Transfer GST dues to States immediately: CPI(M)

E-commerce companies sell goods much below their market value, thereby denying the government the legitimate GST revenue.   | Photo Credit: AFP

The GST compensation dues for the first quarter of 2020-21, which has just ended, should be immediately transferred to the State governments, the CPI(M) said here on Wednesday, adding that reneging on its commitment to the States tantamount to a violation of the federal principles of the Constitution.

The Hindu had reported on Tuesday that the Finance Secretary had informed the Parliamentary Standing Committee that the government was not in a position to pay the GST share to the States as per the current revenue sharing formula for the financial year 2020-21. Four months after the previous financial year, the Centre finally paid the GST compensation dues to the States upto March 31 on Monday.

The party pointed out that State governments were guaranteed compensation from the Centre for the first five years of the implementation of the GST. This compensation was in lieu of the GST taking away the powers of the States to levy indirect taxes to raise revenues.

“For the Central government to now renege from these commitments is tantamount to further centralisation of authority, violating the federal principles of our Constitution and depriving the States of their legitimate revenues. This is not acceptable. These funds are all the more needed now when the single-minded focus should be on combating the pandemic,” the CPI(M) Polit Bureau said in a statement here.

The party has reiterated its demand that the entire fund collected in the name of combating the COVID-19 pandemic, in a “non-transparent”, “non-auditable private trust fund”, bearing the name of the Prime Minister, should be transferred to the State governments who are in the forefront of the efforts to combat the virus.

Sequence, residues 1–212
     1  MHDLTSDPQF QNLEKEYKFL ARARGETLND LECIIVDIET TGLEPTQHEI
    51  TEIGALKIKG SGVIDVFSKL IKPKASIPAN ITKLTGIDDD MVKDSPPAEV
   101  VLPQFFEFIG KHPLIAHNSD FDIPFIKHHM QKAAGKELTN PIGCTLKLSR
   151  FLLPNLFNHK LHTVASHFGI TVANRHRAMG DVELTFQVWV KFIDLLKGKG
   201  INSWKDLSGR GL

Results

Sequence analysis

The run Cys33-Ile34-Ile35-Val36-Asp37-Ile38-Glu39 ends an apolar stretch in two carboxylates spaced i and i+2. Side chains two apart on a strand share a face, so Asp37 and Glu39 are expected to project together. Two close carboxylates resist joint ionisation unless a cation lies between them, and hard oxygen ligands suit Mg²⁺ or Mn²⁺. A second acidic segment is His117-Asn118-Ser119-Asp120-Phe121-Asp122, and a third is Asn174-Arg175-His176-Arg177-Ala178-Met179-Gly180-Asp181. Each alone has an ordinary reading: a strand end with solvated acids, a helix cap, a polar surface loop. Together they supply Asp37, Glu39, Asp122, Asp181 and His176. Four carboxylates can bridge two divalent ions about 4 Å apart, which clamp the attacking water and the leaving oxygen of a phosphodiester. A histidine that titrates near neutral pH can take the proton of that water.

‘State of economy’

Meanwhile, Congress MP Manish Tewari, a member of Standing Committee on Finance, has written a letter to the Committee’s Chairperson, Jayant Sinha, for the second time, demanding that the “state of economy” should be discussed by the Committee.

He asked why Mr. Sinha was “so peculiarly disinclined” to hold a discussion on the subject. “If I am given to understand correctly, one of the remits of this standing committee is to deliberate upon the the policy frameworks of the Ministry of Finance. The state of the Union government’s finances as well as the health of the economy do constitute such policy frameworks,” he wrote.

The Committee, he said, would like to learn from the Ministry of Finance if “the budget numbers presented on February 1, 2020, are still valid post the extended, if not ill-conceived, lockdown or would the country require a de novo budget, irrespective of its form or legislative shape”.

The Committee also needs to know about the revenue shortfall in the first quarter of the current fiscal and what expenditure rationalisation measures the Central government has undertaken in view of the deteriorating economic situation, he said. Mr. Tewari listed out eight questions that needed to be answered, adding further that the Committee would be remiss in its oversight function if it does not address these issues.

Mr. Tewari said in his letter that if Mr. Sinha believes that macroeconomic issues are beyond the remit of the officers of the Finance Ministry, the Finance Minister can be requested to speak to the Committee.

The next meeting of the Standing Committee on Finance is slated for August 11. The Committee is likely to discuss funding to the agriculture sector and the flow of credit promised to the MSME sector in the stimulus package.

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Printable version | Oct 1, 2020 8:46:29 PM |

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